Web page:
To listen to the Bedrosian Book Club discussion of Lolly Willowes click the arrow in the player on this post. Or you can download it and subscribe through ApplePodcasts, Soundcloud, Google Play, Stitcher or your favorite podcasting app!
For our discussion of Hari Kunzru’s White Tears, we return to the question: can America overcome its sin of racism? Or will our collective inability to deal with the consequences of our actions win the day? If you have not read this novel, beware – this podcast it mostly spoilers! We dive into the themes Kunzru explores in this complex novel, relish the strong prose, and question the role of cultural memory and American identity.
To listen to the Bedrosian Book Club discussion of White Tears click the orange arrow in the Soundcloud player here -or you can download it and subscribe through ApplePodcasts, Soundcloud, or Google Play
Featuring Ange-Marie Hancock Alfaro (), Aubrey Hicks (), and David Sloane ()
USC Price School of Public Policy Professor David Sloane provided the closing keynote for the 2017 Hollywood Economic Development Summit, hosted June 22 by the Hollywood Chamber of Commerce at ArcLight Cinemas Hollywood.
The theme of the summit was building a more livable Hollywood, and Sloane noted the unique challenges Hollywood faces in planning for a city that is both a global brand and a Los Angeles community.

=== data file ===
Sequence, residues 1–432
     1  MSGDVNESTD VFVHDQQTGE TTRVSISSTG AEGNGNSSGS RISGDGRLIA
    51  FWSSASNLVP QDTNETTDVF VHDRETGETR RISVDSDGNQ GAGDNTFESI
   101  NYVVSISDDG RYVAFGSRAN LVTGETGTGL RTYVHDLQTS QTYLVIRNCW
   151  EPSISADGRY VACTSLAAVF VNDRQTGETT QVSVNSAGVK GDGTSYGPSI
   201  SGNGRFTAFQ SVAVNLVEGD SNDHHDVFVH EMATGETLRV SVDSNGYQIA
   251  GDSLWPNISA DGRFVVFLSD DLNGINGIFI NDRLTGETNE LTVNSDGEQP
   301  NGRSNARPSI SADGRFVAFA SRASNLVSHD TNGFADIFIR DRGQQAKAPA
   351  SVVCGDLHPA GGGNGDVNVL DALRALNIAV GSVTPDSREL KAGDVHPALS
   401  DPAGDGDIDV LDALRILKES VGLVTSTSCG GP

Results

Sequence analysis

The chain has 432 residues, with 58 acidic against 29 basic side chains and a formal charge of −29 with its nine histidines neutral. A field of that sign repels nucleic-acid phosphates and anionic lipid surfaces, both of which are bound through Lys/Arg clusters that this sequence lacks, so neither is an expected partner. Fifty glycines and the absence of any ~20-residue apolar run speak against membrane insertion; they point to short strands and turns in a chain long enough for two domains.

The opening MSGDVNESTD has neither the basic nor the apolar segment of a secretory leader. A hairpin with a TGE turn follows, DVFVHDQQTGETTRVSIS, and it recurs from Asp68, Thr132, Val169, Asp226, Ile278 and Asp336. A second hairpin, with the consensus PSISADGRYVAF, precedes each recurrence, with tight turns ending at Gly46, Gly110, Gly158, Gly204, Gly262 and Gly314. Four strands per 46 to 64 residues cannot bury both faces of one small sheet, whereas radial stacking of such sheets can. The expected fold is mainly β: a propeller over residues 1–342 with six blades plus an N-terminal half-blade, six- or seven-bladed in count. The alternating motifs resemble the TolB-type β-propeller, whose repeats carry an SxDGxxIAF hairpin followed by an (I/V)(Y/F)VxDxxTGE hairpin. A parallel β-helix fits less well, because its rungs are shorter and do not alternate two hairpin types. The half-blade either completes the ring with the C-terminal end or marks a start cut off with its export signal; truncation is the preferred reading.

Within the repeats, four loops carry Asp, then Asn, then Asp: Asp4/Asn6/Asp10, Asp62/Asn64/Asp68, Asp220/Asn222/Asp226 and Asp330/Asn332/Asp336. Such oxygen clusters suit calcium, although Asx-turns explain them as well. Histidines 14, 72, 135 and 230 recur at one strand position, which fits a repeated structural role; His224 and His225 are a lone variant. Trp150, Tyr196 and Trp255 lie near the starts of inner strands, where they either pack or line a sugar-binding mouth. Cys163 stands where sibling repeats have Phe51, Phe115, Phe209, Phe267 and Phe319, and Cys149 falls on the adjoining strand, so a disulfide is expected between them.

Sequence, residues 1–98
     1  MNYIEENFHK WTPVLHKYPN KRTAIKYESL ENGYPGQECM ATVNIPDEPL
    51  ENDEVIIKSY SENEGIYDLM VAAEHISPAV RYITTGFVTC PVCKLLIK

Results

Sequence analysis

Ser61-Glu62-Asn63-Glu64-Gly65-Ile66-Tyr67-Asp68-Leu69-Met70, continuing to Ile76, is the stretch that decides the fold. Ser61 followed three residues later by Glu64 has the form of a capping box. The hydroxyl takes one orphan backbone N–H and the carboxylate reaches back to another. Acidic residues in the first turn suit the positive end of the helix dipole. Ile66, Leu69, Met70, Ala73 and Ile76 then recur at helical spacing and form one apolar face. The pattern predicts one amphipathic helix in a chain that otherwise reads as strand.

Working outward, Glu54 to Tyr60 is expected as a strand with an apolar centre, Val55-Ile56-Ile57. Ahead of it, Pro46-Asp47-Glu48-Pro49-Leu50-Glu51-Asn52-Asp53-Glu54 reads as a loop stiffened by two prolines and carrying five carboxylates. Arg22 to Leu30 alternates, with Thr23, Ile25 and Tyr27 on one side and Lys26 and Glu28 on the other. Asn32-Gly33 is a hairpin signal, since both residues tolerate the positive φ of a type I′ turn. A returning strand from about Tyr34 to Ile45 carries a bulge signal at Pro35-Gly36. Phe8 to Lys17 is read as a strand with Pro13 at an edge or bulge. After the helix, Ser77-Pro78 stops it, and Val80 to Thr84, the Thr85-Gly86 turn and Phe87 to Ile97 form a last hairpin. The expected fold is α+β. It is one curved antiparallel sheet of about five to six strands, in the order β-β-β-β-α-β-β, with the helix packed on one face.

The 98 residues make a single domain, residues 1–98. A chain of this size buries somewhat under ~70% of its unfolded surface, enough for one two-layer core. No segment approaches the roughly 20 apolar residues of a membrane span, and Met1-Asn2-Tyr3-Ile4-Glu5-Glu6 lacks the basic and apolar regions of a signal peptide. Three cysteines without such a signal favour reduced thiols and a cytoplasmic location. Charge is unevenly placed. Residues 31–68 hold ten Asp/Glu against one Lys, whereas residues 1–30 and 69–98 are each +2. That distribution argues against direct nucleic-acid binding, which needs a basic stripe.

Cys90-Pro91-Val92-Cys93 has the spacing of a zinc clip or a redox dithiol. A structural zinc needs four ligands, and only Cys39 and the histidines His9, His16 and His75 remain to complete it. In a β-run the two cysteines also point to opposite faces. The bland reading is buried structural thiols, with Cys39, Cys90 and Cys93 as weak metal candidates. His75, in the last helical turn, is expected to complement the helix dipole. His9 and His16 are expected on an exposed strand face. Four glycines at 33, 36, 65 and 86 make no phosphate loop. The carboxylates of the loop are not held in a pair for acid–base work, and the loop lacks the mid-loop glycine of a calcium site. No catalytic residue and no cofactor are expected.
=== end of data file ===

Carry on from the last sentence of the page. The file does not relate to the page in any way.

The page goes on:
On April 29, 1992, Los Angeles erupted into chaos and violence after four white police officers were acquitted in the beating of African American Rodney King. The Hotel Play asks what, if anything, has changed in the past 25 years?
Join Jody David Armour, Paula Cizmar, Aubrey Hicks, and David Sloane as we think about race, Los Angeles, art, and social movements. We look at the moment that was the uprising in 1992 and how community organizing that grew out of that moment became a movement.
To listen to the Price Projection Room discussion of The Hotel Play, click the arrow in the Soundcloud player at the top of this post. Or download and subscribe through Apple Podcasts, Soundcloud, or Google Play.